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The World Is Not Enough For Dotcoms

Paran Balakrishnan  |  BSCAL 

Can Sabeer Bhatia turn out another multi-million dollar winner? In the mid-90s Bhatia became a star after founding Hotmail.com and selling it to Microsoft for $400 million. Now, Bhatia, 31, is racing against the clock to turn his newest start-up Arzoo.com into a winner which will earn billions on the stock market.

Rakesh Mathur is also playing the same game. Mathur, who was a co-founder of Junglee.com, is determined to prove that he can do it again. Mathur, now heads the colourfully-named Purple Yogi which aims to find a cyber-device will help Internet users to zero in quickly on topics of their choice.

Why aren't multi-millionaires like Bhatia and Mathur cruising on a yacht or lounging on a beach chair in Goa or Brazil? Instead, they are back at the cutting edge, surrounded by talented youngsters who are all dreaming about multi-million dollar riches. If ever there was proof that money isn't everything, it is watching the stars of Silicon Valley return to the stadium for another dash around the tracks.

Silicon Valley's venture capitalists have learned to watch out for `second-time round' stars who've had one brilliant idea and turned it into riches. Pulling it off the same feat a second time is often tough and unrewarding. The venture capitalists are often wary of big names with gigantic bank balances, who return for a second shot.

Mind you, there are notable successes even amongst the Indian community who've beaten the odds and turned out a second winner. Most prominently, there's Gururaj `Desh' Deshpande who became a sparkling Nasdaq star after listing Sycamore Networks in December 1999. Sycamore is now worth around $18 billion and Deshpande's personal stake is roughly around $3.7 billion. That could make him the richest Indian in the US.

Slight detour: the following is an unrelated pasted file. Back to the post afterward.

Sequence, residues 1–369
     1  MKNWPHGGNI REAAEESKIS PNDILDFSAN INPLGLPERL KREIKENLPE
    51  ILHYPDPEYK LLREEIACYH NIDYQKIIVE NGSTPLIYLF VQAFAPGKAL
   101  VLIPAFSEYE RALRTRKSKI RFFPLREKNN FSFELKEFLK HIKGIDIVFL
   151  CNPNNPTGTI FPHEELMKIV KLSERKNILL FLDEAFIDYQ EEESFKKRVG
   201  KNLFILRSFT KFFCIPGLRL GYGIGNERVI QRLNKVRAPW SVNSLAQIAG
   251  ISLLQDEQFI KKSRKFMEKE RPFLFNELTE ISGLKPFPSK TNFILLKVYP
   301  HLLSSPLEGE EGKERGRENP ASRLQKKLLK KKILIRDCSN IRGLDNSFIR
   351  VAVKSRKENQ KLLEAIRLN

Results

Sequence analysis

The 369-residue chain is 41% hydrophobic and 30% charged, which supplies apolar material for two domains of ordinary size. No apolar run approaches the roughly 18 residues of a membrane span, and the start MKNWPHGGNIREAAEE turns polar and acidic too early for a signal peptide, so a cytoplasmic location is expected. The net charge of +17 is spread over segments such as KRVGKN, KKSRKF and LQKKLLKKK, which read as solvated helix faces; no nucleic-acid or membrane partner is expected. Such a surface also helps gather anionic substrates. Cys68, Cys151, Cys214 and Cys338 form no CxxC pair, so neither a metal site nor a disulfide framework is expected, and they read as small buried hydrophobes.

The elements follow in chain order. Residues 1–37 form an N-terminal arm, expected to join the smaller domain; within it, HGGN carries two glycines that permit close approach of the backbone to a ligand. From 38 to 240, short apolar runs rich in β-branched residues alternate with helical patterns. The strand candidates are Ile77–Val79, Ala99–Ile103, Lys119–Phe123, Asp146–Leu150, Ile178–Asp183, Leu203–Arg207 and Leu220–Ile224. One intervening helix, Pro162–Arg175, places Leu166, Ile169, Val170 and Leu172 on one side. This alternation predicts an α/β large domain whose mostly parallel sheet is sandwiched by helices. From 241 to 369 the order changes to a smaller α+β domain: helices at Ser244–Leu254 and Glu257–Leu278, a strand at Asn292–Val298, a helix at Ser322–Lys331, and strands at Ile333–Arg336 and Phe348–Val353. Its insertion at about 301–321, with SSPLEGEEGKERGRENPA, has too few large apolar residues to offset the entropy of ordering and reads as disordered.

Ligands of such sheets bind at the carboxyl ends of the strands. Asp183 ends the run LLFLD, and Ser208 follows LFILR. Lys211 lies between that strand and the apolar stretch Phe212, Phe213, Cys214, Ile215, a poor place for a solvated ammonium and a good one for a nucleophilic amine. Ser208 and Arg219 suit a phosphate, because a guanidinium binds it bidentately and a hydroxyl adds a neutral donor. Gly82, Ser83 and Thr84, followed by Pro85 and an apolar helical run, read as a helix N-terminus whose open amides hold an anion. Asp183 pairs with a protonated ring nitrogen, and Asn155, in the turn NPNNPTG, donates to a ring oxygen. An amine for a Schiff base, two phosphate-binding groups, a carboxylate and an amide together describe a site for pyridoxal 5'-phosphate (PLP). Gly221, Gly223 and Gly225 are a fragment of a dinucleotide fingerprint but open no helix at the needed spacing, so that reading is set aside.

Deshpande's feat is all the more remarkable because he has done it before. In June 1997, he became a multi-millionaire after selling Cascade Communications for an eye-popping $3.7 billion.

Step back in time and there's Vinod Khosla who became president of Sun Microsystems in the mid-80s when the software revolution was still in its infancy.

Khosla, who was barely 30, took a few years off and spent time on pursuits like golf.

Eventually, however, Khosla wasn't able to stay away but he has been smarter than the others. He has become one of Silicon Valley's most respected venture capitalists and his moves are watched by the entire industry.

Being a father figure, guide, mentor and venture capitalist is also the role that Kanwal Rekhi has carved out of himself. Rekhi who was formerly the chief technical officer of Novell, has notable successes to his credit: he was the chief guide for K B Chandrasekhar of Exodus Communications. Exodus went public for $550 million and Rekhi made $10 million on an investment of $200,000.

Is it a desire to be `richer than your neighbour' that drives Internet stars back into cyberspace for second-time round ventures? After all, the Internet is throwing up new celebrities all the time. Forbes listed five South Asian billionaires in August 1999. Since then, Deshpande has gate-crashed into the top league. And Naveen Jain, 39, of InfoSpace has been a billionaire for short spells when the market has risen. (There are 26 first-generation immigrants in the Forbes list and five are Indians. Four are from Hungary and four from Canada).

The constantly rising market is also making the Forbes figures out of date overnight. Sanjiv Sidhu of 12 Technologies was reckoned to be worth around $1.1 billion in August'99. Now, that figure has tripled and Sidhu is worth about $3.5 billion.

Is there a moral in the Silicon Valley Gold Rush or a lesson to be learnt? Probably not. There is more wealth sloshing about in Silicon Valley and places like Redmond, Washington State, than at any time in history. And who can blame hi-tech stars who go back for more.


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First Published: Sat, February 19 2000. 00:00 IST
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